By David Kudler
It’s ebook time again!
This time, we’re going to look at how to use the information and skills I’ve been giving you to make your ebook look the way you want it to.
At this point you’ve:
- decided to create your own ebook, rather than have someone else do it for you
- cleaned up the text and optimized the images
- converted your manuscript using an online service or used an app
- have yourself an ePub file, ready for sale
Only probably not. Almost always, errors pop up in formatting, or you need to add or edit hyperlinks, or you need to edit the book, but don’t want to go though the whole export/conversion hassle again.
If you’re working with a piece of fairly straightforward text and don’t want to worry about adding fine points of formatting, you may be all right using the ebook your app/service created for you.
If, however, you want to get under the proverbial hood and fine-tune what the app hath wrought, then you’re going to need to edit the ebook.
How to make up your mind
Which option should you take?
The only way to decide this question is to look at your newly minted ebook on a variety of ereaders.
No. Not just one. A number.
Now, I know that not everyone has a collection like I do. Still, living in the twenty-first century, you almost certainly have at least two pieces of ereader hardware available to you:
- The computer you’re reading this on
- Your phone
What, you didn’t think your phone was a computer? Believe me, today’s iPhones and Galaxies are far more powerful than the mainframe “supercomputers” I was first introduced to back in the 1980s.
You may also have a tablet around (possibly even an ereader table like a Nook or Kobo or Kindle Fire) or a second computer — possibly running a different operating system, or a different version of the same OS?
In any case, there are a huge variety of free apps available — whether your “computer” runs Windows, macOS, Linux, iOS, Android, or some other, more exotic variant.
Install at least a few of the following free apps on each piece of hardware:
- Calibre (Linux, macOS, Windows)
- Kindle Previewer (macOS, Windows)
- Adobe Digital Editions (macOS, Windows — the basis for many ereader apps)
- At least a couple of the following:
There are hundreds of other options available — and that’s not even including the actual ereader hardware you may have hanging around!
In each ereader, open the file. If there’s a “default” display available, make sure that’s what you’re looking at — most readers don’t know they can change the settings — though some certainly do! Remember: miniscule purple Zapfino on an orange background. :shudder:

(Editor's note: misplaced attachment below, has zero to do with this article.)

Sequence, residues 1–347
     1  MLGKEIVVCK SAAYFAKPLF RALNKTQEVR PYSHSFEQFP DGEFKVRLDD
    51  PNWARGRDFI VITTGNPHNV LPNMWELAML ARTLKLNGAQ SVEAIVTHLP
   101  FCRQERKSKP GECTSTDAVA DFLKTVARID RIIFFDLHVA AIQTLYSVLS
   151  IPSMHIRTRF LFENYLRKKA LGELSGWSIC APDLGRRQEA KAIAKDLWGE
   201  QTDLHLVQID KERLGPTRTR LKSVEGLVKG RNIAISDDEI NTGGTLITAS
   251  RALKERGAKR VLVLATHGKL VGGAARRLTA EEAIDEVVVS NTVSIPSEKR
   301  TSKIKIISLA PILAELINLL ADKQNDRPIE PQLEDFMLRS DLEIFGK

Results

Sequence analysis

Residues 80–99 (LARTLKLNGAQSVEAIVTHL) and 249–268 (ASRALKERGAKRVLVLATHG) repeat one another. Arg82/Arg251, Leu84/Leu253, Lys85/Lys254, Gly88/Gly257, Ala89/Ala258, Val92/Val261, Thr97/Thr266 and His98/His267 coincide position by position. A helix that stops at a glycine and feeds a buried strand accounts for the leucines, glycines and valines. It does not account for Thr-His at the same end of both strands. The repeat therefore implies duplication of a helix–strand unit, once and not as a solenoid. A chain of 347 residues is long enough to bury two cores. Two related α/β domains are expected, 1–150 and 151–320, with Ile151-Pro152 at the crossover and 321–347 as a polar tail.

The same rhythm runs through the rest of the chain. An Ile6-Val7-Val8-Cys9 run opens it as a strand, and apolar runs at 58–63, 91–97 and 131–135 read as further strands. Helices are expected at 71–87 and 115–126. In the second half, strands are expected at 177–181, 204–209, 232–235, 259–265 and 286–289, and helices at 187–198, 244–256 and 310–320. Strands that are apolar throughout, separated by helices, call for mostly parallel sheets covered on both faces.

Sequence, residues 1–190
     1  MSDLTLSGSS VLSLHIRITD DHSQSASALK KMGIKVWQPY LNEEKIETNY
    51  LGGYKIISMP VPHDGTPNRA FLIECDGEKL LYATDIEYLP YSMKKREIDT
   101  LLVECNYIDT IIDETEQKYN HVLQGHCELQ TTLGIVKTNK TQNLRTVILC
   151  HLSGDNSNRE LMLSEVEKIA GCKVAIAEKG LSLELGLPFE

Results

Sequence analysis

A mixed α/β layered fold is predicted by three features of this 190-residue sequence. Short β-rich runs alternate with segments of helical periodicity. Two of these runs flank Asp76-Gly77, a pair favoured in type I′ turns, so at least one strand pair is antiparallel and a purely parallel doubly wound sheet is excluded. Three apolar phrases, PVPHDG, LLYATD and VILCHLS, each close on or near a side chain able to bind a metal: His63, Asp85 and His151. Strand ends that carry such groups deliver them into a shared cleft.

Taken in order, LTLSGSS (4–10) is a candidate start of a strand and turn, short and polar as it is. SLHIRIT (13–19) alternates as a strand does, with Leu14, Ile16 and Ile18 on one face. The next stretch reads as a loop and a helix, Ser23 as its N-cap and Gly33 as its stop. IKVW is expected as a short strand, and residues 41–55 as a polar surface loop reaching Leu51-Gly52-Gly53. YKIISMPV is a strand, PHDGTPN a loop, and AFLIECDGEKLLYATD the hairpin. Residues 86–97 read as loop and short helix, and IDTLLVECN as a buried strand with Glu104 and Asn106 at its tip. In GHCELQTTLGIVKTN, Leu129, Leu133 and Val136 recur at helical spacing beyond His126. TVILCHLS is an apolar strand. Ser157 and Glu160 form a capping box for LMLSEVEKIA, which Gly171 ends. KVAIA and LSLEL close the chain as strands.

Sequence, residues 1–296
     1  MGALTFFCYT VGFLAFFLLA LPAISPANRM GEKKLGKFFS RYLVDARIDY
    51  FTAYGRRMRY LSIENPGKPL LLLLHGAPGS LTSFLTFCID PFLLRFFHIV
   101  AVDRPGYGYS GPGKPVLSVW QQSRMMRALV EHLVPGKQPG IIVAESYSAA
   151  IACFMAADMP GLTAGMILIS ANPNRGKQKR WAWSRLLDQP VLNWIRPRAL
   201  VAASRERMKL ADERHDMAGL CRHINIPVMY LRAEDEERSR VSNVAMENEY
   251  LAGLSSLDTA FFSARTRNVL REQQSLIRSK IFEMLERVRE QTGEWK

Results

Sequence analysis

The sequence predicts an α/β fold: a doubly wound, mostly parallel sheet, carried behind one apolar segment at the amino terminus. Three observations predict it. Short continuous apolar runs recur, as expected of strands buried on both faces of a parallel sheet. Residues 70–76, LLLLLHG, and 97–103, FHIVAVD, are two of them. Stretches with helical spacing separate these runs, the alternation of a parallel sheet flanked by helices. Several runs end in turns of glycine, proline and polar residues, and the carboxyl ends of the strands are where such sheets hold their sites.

For each ereader, ask yourself:
- How does the text look on the screen — big, small, too much white space, not enough?
- How do the images look — same questions as with text, but also, are you happy with the way the text and images flow together, and are they consistent across platforms?
- How do typeface/fonts display — are they the ones you wanted?
- If you’ve got any formatting complexities (e.g., drop caps, tables, inset images, etc.) do they look good?
Repeat this exercise on as many different ereaders as you can stand.
Are you happy with how the ebook looks on all or most?
If so, great! Validate your ebook, upload it, and get ready to sell!
If not… time to pop the hood. Get your overalls on and your grease gun out; we’re going to edit.
Under the hood
There are basically two ways to do get your ebook looking and working the way you want it to:
- Open up the file (as I showed you in “Inside the Black Box”) and use a text-editor like TextEdit or Notepad or a dedicated HTML editor like Dreamweaver.
- Use a WYSIWYG ebook editor.
Personally, while I don’t mind working on raw HTML and such without visual feedback, it’s nice to see how changes are going to look as you’re making them. So What You See Is (more or less) What You Get it is for me!
There are a number of WYSIWYG apps that you can use to edit your ePub file without opening it up:
- Open source (free):
- Calibre (and you already have it!)
- Blue Griffon
- Many more
I have been using Sigil for many years, and am very happy with it, but you should find whichever solution works best for you.
That said, in the following examples, I’m going to be using Sigil. For the most part, you should be able to follow along whatever editing app you’re using.
Beating serifs into plowshares — cleaning up the text
So, be honest: how did the text look on the various ereaders?
If you need to do some clean-up, find the CSS stylesheet(s). In Sigil, look in the /Styles folder for one or more files ending in the extension .css. Hopefully, all of the body text will be defined as a single class (e.g., Body-Text, as I called it in my sample ebook White Robes) or they’re all simply plain <p> tags — no class attribute, and no ID. Likewise, hopefully the chapter headers are all the same, and the images are likewise given only a few identifiers.
More likely, the software that created the ePub file added a passel of extra classifications — as many as one for each instance of an element, so that no two paragraphs/images/whatever are styled the same. This will mean that any clean up is going to need to start in the stylesheet.
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